Will American families finally catch a break?
As Hillary Clinton takes the podium at the New School today for a major economic policy address said to focus on issues important to families, she has her work cut out for her.
American families weathered decades of wage stagnation and mounting consumer debt, capped off by a recession that depleted household wealth, reduced homeownership, and threw millions out of their jobs. Through it all, as politicians trumpeted their fealty to “family values,” American parents were left largely on their own to find and pay for child care and preschool education. Alone among advanced economies, American parents went without a guarantee of paid leave to care for a new baby, or even a handful of paid days off work to stay home when the six-year-old comes down with the flu.
Now however, there is new energy behind proposals to shore up American families. Millions of same-sex couples, of course, saw their families strengthened immeasurably with nationwide recognition of marriage rights. Meanwhile from Oregon to Connecticut, states are passing laws to guarantee paid sick days and to hike the minimum wage, while President Obama called childcare a “national economic priority” in his last State of the Union address and is working to boost overtime pay without the need to go through Congress.
As she aims to “secure a foundation for working families” the wind is at Clinton’s back. Today we’ll begin to hear more about what she’ll do with it.
Paid sick days are the low-hanging fruit. Recent polls find that 79 percent of likely 2016 voters favor a requirement that employers provide paid sick days, including a majority of Republicans. In the years since paid sick days laws were first enacted in the U.S., numerous studies have found that they do not impede job growth or harm small businesses. Pushing for a policy similar to the The Healthy Families Act, introduced in Congress should be an easy choice.
The Schedules that Work Act, aimed at making it easier for hourly employees with unpredictable and irregular work hours to get schedules that enable them to meet the needs of their families should also be on Clinton’s agenda.
Paid family leave, child care, and universal preschool are tougher because the policies would actually carry a public price tag – in some cases, a substantial one. For example, President Obama’s Preschool for All Plan, part of all of his budget proposals since 2013, includes a 10-year, $75 billion investment in federal-state partnerships to offer high-quality prekindergarten to 4-year-olds from low-and moderate-income families. Yet the costs for preschool, child care, and leave are already being paid – by strapped families with child care expenses that rival the price of college tuition and by the nation as a whole, which misses out on the opportunity to close achievement gaps, support working parents, and give the next generation of citizens the best start in life. Here too Clinton will find broad public support for bold solutions: 70 percent of Americans – including a narrow majority of Republicans – favor using federal money to ensure universal access to preschool, according to a Gallup poll last fall.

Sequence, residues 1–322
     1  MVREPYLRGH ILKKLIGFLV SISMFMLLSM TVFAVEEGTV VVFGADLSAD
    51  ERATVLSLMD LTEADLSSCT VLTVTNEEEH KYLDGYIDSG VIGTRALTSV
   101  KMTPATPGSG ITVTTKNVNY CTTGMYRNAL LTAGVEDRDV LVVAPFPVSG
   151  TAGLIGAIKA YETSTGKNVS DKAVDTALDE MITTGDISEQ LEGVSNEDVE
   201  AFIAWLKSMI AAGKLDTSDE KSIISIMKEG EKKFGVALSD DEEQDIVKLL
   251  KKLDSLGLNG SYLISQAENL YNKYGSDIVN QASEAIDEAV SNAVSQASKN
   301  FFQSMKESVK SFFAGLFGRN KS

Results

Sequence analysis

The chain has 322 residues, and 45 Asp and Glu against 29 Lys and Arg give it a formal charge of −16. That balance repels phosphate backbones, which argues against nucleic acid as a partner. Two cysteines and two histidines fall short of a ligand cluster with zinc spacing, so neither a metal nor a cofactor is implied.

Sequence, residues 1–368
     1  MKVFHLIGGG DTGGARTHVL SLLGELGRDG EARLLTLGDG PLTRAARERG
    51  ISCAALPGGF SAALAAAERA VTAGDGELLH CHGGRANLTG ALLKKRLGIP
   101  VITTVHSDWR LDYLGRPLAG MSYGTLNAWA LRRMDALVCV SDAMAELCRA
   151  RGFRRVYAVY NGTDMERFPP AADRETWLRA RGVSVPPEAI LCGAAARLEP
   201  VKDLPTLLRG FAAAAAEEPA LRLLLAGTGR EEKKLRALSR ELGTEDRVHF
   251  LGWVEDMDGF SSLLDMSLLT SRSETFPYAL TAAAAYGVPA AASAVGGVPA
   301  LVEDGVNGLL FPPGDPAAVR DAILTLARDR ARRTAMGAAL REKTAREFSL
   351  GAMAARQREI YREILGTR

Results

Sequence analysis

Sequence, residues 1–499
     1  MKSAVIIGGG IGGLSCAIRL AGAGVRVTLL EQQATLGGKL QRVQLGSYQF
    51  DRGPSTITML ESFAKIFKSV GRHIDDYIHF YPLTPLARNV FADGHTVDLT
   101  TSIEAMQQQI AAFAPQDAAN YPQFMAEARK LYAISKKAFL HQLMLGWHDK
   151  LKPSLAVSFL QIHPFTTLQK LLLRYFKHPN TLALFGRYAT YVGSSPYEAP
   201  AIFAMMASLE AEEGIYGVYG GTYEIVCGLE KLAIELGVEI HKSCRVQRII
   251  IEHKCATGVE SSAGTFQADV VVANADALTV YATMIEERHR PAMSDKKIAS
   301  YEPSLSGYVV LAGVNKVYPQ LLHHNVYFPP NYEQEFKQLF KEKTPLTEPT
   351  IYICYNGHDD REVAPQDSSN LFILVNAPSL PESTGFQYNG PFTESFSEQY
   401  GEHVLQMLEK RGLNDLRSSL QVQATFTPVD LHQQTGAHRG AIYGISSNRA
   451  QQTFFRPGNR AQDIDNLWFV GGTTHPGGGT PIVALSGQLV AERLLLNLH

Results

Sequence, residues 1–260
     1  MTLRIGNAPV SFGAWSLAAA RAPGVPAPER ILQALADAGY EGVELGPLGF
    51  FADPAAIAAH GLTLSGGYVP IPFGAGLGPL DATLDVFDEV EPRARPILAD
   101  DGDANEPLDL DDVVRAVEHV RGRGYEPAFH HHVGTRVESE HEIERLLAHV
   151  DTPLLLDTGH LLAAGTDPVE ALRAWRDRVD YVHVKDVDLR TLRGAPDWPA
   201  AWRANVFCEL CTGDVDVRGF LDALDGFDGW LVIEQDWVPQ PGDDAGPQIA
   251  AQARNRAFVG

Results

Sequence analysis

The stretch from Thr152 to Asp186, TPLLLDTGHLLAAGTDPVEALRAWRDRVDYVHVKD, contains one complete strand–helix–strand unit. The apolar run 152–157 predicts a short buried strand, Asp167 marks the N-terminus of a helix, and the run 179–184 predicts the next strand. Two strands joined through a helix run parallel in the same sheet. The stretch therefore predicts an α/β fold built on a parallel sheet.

A substantial national investment in early care and education also provides an opportunity to generate the type of family-supporting jobs the nation needs. According to Child Care Aware, approximately 2.2 million workers are currently employed caring for children under age 5. Among them are child care workers who earn an average hourly wage of just $10.44 an hour, or $21,710 annually. Raising pay in this critical profession to a more livable wage of $15 an hour, a many workers are now calling for, represents an opportunity to further increase professional standards for those helping to nurture our youngest citizens and to lift incomes for workers' own families and households.
The time is ripe for Clinton to begin filling in policy specifics. It’s one thing to call for child care and another to create a plan that truly enables families to get care that is secure, affordable, nurturing and educational. Similarly, calling for paid leave is different from standing up to the Chamber of Commerce (and its many allies in Congress) to secure the policy Americans have needed for decades. Today we’ll begin to see if Clinton will propose solutions that truly meet the scope of the challenges faced by America’s families. If front-running Clinton will not, her rivals, including Senator Bernie Sanders and Governor Martin O'Malley, may increasingly appeal to voters on these critical issues.